Global mobile network operator Truphone has settled with the Federal Communications Commission (FCC) over inaccurate disclosures of its ownership and transfer of a US spectrum license.

As part of the settlement, it will pay $600,000 and divest ownership by three Russian billionaires.

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– Thinkstock / pedrosala / DCD

While it is a UK-based company, Truphone has a Delaware-incorporated US operating unit. That division owns Smartcall, LLC, which itself owns iSmart Mobile.

That subsidiary has a PCS broadband license in Butte, Montana.

This all puts Truphone's ownership under the purview of the FCC, which is investigating telecoms companies for undue foreign ownership - with a particular focus on Russian investors in the wake of the nation's unprovoked invasion of Ukraine.

In April, the FCC announced that it was investigating Truphone for "willfully or repeatedly failing to obtain Commission approval prior to exceeding the Act’s statutory ownership limits on foreign individuals and/or entities holding equity and/or voting interests in the US controlling parent of a US common carrier radio station licensee," and whether it misreported its ownership structure in 2011.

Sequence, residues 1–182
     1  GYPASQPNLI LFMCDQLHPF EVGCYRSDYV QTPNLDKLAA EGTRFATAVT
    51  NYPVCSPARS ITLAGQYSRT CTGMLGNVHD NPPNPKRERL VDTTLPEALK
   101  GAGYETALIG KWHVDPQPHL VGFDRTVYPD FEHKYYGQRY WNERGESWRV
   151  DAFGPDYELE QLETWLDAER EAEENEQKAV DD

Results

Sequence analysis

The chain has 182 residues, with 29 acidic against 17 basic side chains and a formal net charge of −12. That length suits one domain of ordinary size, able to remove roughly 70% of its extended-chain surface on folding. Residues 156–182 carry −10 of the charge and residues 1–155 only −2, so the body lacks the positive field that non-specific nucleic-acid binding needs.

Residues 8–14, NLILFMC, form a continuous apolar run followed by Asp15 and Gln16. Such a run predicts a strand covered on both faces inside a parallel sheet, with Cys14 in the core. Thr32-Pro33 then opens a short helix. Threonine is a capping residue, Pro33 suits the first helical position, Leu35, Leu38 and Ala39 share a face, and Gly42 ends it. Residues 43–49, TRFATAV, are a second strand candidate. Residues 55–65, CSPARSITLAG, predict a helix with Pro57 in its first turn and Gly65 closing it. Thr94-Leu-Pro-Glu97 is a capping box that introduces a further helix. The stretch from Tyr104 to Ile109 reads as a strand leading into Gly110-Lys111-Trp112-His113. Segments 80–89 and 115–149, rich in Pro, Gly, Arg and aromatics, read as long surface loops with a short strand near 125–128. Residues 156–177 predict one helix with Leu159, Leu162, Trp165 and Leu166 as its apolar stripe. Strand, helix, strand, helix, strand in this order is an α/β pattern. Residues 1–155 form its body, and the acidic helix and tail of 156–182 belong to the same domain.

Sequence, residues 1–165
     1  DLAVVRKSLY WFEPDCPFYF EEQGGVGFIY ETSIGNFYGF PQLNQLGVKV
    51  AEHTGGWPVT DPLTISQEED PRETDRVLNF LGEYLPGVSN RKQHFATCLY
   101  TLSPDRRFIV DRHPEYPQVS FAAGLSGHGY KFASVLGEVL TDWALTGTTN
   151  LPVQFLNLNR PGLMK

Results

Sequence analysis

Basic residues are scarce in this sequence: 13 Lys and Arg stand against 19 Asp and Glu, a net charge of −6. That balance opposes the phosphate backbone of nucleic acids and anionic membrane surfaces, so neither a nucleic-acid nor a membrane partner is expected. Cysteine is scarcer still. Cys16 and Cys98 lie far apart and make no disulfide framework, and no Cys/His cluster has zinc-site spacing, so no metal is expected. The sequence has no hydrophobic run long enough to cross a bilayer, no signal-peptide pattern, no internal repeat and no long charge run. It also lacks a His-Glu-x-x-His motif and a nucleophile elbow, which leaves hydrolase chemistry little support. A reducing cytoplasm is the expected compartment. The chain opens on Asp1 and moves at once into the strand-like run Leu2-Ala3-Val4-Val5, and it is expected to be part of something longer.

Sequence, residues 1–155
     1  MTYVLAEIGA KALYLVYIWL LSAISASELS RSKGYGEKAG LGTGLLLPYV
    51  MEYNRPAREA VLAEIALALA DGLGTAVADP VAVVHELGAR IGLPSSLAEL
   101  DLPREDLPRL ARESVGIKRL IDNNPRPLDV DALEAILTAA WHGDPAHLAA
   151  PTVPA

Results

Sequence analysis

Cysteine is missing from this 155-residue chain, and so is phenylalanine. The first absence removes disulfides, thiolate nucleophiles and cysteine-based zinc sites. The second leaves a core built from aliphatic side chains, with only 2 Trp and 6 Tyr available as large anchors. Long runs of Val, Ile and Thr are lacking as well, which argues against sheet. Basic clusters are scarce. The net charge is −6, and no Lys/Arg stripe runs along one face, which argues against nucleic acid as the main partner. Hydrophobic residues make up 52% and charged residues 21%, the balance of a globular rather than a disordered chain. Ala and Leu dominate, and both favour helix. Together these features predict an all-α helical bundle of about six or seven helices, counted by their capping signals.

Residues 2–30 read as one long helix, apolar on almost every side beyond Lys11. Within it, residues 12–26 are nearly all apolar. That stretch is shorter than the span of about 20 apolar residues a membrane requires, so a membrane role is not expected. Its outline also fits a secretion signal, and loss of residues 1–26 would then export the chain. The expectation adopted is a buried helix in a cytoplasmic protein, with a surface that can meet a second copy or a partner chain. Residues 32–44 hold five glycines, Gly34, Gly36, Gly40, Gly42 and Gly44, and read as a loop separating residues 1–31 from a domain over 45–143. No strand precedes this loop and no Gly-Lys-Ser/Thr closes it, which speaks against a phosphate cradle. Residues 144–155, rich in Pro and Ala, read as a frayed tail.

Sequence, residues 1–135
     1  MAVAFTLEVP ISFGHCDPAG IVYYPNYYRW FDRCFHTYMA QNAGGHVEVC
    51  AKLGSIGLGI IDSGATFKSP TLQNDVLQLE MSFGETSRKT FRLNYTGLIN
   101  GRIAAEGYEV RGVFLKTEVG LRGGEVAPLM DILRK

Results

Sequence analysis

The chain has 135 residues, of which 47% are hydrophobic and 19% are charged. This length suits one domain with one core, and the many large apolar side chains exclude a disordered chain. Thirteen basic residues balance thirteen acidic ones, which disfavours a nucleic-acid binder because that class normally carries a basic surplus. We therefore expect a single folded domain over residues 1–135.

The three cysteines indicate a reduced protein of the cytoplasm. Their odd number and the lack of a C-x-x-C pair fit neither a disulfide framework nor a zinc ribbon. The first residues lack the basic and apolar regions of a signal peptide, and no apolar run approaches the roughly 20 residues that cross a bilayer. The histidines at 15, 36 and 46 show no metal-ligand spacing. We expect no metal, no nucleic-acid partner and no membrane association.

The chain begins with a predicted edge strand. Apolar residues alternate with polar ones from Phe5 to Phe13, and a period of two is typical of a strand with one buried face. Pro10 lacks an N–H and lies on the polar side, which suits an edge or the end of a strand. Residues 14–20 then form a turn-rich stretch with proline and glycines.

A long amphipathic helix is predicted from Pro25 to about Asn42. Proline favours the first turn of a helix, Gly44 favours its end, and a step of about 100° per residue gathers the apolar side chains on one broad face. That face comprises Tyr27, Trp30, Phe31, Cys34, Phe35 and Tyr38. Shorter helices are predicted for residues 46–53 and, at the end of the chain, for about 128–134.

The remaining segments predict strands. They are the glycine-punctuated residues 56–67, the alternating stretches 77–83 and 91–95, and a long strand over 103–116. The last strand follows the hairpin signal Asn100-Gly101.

In an October statement, the FCC said that "Truphone admits that it violated the Commission’s rules as described."

It notes that the three Russian businessmen with now-divested stakes are Alexander Abramov, Alexander Frolov, and Roman Abramovich.

Abramovich was sanctioned by the UK government in March, after the then-Chelsea FC owner was accused of clear ties to Russian president Vladimir Putin.

He is also a long-time business partner of Alexander Abramov and Alexander Frolov, who run Russia's largest steel producer, Evraz.

Truphone has agreed to a “robust compliance plan" moving forwards.

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